Maryland considers ban on bath salts designer drug: Part 2

Maryland considers ban on bath salts designer drug: Part 2

As reported in the previous post, the use of the designer drug, bath salts, has been increasing around the country, as have reports of people experiencing bad health reactions from taking the drug and sometimes hurting themselves or others.

The designer drug contains mephedrone and MDPV and neither is banned currently under federal law. The federal Analog Act says drugs that mimic illegal drugs are also illegal and have pursued charges against some sellers, but they need to prove that the drugs were being sold for human consumption even though labels on the drug say “not for human consumption.”

People have been known to experience psychotic breaks from reality when taking different kinds of drugs, but many public health officials and doctors have described this drug as one of the more dangerous to immediate and long-term health and safety that they have seen. The designer drug has been declared illegal in 28 states, and Maryland is looking to join that group. Public health officials in Maryland want mephedrone and MDPV on the list of Schedule 1 Controlled Dangerous Substances in the state.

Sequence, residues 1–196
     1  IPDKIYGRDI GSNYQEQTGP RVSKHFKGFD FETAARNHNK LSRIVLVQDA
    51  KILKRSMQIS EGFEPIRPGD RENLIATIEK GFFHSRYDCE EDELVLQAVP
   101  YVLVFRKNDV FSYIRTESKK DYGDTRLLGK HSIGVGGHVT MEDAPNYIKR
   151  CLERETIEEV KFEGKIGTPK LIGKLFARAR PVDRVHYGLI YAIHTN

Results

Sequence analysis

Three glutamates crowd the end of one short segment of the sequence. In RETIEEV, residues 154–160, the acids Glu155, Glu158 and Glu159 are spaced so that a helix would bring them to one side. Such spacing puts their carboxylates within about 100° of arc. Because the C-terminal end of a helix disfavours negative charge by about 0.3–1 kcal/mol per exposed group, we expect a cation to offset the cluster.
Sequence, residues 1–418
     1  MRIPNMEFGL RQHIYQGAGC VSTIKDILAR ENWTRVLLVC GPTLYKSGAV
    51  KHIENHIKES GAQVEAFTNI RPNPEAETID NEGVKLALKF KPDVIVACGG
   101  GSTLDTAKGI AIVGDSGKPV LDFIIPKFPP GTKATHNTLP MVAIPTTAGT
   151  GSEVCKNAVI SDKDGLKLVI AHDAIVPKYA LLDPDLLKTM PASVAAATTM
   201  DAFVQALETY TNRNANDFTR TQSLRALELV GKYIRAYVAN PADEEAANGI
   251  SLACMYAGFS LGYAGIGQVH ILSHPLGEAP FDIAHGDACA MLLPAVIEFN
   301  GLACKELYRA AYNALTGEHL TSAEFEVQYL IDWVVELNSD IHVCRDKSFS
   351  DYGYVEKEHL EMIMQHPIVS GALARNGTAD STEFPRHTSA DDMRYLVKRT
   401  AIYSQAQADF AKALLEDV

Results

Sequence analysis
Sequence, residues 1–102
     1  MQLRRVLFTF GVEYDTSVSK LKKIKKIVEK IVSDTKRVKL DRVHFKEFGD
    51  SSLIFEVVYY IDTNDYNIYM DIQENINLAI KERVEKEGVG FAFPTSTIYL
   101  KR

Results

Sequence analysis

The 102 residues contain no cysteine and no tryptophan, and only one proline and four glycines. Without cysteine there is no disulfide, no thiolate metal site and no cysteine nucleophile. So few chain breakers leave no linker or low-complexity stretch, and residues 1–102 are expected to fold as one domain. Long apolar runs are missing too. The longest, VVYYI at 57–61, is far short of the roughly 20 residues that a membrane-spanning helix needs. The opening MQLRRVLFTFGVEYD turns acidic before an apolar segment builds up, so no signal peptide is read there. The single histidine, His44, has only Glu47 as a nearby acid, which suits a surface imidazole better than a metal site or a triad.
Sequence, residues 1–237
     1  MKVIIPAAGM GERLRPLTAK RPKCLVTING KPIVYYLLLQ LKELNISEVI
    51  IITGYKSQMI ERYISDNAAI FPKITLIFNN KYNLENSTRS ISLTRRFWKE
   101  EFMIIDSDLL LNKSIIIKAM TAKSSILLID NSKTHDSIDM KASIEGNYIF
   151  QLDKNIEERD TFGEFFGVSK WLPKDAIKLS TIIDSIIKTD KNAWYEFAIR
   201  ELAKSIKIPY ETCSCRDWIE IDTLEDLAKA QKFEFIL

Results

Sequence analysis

Public health officials say that the drug is not widely available in the state. According to an article in The Baltimore Sun, 31 people have reported poisoning by bath salts to poison control centers in the state and at least one person has died from using the bath salts. The ban on the sale and distribution of the drugs could start by September 1 if it is approved.

Sources:

The New York Times, “An Alarming New Stimulant, Legal in Many States,” Abby Goodnough and Katie Zezima, 16 July 2011

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